Somewhere in "Ask Audyssey" the problem of too efficient speakers is addressed, and, unless I hallucinated it, Audyssey cautioned that any channel set -- by Audyssey, in calibration -- to -12 (potentially lower than -12) meant that the frequency correction was not applied. In most systems in which this happens the culprit is a subwoofer with its own volume control (on the box, not in the AVR or the preamp/processor) which is set too high. Audyssey says these must be turned down until the calibration no longer results in -12 (or even lower, but, naturally, unseen). In a few systems -- like mine -- with very efficient speakers like Klipsch, JBL. etc. the mains and center can also have this problem.

 

Please accept my apologies for misunderstanding you.  I would have thought that if you inserted attenuators prior to running Audyssey then they should be left there afterwards. 

 

WRT to no correction being applied if the trims are maxed out, I’d appreciate seeing a link to the Audyssey information on that.

post #64486 of 70896
Quote:
Originally Posted by garygarrison View Post


I was not referring to setting the trims, and in my case there was no AVR!smile.gif I agree that "no matter how you set the trims before calibration it's irrelevant because Audyssey ignores all AVR settings when it does the calibration." What I did was I temporarily installed in-line attenuators (12 dB) between a preamp/processor and some separate power amps, ran Audyssey, then removed the attenuators. The intention and the effect was equivalent to temporarily reducing the efficiency of the speakers, so Audyssey would have room to do its frequency response work (see below). Audyssey (contained in the preamp) had no way of "knowing" about this. Now that I know that the poster does not have separates, I realize that he can't do this, but wonder if his AVR has a "preamp out" and "amp in" analog processor loop. My old Luxman did.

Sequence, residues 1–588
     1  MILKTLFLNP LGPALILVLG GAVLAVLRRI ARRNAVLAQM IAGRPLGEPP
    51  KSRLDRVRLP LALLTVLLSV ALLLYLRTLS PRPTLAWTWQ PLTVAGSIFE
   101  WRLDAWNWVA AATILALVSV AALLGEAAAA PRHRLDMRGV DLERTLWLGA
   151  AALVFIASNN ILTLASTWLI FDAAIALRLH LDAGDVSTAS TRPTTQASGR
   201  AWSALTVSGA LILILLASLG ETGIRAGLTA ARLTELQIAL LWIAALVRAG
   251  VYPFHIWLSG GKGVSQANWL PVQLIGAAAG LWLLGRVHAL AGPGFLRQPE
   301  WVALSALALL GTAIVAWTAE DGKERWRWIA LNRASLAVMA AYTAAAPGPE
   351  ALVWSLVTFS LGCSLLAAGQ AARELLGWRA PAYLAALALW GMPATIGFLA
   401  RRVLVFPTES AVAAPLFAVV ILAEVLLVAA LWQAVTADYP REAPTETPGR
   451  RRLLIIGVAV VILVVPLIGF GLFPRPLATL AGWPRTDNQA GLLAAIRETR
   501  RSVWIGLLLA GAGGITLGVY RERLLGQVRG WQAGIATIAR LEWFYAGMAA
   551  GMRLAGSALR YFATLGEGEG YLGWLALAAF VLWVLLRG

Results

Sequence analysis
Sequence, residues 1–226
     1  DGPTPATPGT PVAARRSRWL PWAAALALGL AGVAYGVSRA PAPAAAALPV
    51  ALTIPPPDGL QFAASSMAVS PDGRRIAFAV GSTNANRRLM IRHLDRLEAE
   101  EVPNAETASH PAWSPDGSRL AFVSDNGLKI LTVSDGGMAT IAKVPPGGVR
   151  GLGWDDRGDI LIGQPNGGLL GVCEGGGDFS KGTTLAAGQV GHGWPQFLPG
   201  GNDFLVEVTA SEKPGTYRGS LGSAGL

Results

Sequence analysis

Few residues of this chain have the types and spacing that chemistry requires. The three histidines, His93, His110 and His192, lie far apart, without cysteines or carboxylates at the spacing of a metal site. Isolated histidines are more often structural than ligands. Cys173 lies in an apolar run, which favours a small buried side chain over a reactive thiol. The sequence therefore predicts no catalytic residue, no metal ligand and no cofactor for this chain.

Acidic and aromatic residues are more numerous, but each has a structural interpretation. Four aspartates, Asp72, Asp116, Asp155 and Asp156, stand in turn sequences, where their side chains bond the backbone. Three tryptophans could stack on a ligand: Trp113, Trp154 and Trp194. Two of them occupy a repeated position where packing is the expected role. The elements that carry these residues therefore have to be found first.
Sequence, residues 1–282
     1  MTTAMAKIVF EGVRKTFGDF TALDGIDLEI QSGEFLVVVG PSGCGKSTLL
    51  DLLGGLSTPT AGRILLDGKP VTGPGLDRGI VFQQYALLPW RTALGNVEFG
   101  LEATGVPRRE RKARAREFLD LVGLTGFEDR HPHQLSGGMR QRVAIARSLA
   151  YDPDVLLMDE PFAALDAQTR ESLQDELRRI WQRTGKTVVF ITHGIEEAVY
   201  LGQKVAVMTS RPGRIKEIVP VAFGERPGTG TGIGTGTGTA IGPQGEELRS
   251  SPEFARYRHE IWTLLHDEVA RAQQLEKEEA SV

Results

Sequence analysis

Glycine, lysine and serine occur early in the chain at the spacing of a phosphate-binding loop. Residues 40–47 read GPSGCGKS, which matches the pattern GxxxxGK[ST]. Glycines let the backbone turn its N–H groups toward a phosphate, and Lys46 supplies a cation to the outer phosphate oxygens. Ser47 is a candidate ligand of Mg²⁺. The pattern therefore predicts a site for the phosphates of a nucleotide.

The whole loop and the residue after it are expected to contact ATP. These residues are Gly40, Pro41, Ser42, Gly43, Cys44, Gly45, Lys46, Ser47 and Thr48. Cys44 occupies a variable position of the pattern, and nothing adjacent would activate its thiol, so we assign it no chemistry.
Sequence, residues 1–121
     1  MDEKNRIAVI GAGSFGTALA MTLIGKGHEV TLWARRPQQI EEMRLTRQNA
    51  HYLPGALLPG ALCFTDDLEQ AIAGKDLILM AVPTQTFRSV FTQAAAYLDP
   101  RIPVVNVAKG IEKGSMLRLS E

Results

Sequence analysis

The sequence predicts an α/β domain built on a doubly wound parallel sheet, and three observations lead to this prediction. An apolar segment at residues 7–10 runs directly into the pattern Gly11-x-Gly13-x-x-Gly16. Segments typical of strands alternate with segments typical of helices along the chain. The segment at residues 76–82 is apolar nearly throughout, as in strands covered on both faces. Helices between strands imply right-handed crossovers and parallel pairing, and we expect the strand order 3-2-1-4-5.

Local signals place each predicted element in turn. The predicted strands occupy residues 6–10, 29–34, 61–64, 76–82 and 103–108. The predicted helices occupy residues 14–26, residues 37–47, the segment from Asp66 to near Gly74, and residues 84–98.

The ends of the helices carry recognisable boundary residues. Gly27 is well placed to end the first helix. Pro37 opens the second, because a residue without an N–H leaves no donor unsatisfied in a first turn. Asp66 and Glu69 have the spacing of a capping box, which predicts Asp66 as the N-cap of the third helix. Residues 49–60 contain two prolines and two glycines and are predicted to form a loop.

Somewhere in "Ask Audyssey" the problem of too efficient speakers is addressed, and, unless I hallucinated it, Audyssey cautioned that any channel set -- by Audyssey, in calibration -- to -12 (potentially lower than -12) meant that the frequency correction was not applied. In most systems in which this happens the culprit is a subwoofer with its own volume control (on the box, not in the AVR or the preamp/processor) which is set too high. Audyssey says these must be turned down until the calibration no longer results in -12 (or even lower, but, naturally, unseen). In a few systems -- like mine -- with very efficient speakers like Klipsch, JBL. etc. the mains and center can also have this problem.